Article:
It is believed that there is only ONE female strength coach working with a Division 1 men’s basketball program.
Who is this mystery woman? Her name is Andrea Hudy and she is the strength coach for the Kansas men’s basketball team. She’s also someone you should get to know.
This link will direct you to an ESPN.com video and article.
I thought this article was great for a number of reasons, but was fascinated to discover some of her thoughts about the role her gender plays in working with D1 men’s programs have been, almost word-for-word, the same experiences I’ve had over the years.
Here are the points I found notable – with my own interpretations:
- You better walk-the-walk:I’ve told this to numerous interns (male or female) – male college athletes are just begging for a reason to discount you and your instruction. So, you better come in well prepared, confident, and have some type of obvious physicality to your stature. Over the years, I’ve made it a point not to back down to male athletes as they’ve “tested the water” by challenging me. I’ve literally kicked a soccer ball out of the weight room and down the hall, told men in no uncertain terms how strong they’re NOT & physically inadequate the ARE, won pull-up competitions against men, and yelled in guys’ faces. I’ll do whatever it takes to make sure everyone understands I’m the alpha in the room.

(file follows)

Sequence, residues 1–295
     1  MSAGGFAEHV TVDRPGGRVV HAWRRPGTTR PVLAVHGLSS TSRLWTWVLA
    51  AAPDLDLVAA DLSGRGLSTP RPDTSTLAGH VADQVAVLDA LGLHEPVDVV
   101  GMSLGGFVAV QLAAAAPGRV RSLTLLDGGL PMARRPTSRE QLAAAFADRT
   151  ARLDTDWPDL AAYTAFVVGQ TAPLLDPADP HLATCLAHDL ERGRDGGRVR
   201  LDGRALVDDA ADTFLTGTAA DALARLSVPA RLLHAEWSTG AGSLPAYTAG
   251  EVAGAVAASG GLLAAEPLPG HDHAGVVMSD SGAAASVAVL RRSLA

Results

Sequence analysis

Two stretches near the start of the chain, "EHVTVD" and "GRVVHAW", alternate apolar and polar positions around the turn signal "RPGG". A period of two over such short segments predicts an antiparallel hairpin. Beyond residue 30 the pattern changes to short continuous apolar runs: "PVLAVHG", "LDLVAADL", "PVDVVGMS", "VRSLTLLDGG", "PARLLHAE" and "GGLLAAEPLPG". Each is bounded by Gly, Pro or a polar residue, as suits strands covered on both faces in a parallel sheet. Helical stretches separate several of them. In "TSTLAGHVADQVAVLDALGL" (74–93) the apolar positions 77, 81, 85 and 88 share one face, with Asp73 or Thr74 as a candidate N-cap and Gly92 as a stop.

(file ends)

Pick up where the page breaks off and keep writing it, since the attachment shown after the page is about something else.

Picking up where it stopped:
- The mom syndrome: Once I’ve successfully gained everyone’s trust and respect, I usually start hearing “mom” references from the guys. Regardless of how “hard” you appear, I think it is simply natural that the way a female strength coach communicates to her guys will still be, at the very least, subtly different than their male coaches. They interpret this as something that feels like home and their moms. It was surprising the first time it happened to me, but they really mean it and it is coming from a place of deep appreciation and caring.
- Sexism: Yes, this is alive and well for the female strength coach. Fortunately, I knew from the get-go that I needed to have a very specific and direct approach for my male teams. By taking this approach I’ve honestly not ever had a problem that I can say is stemming from an athlete or coach’s problem with me as a female.
Division 1 athletics is an intense pressure-cooker for everyone across all positions and it is encouraging to see a female strength coach profiled for her success with a high-profile male team. This is a real rarity!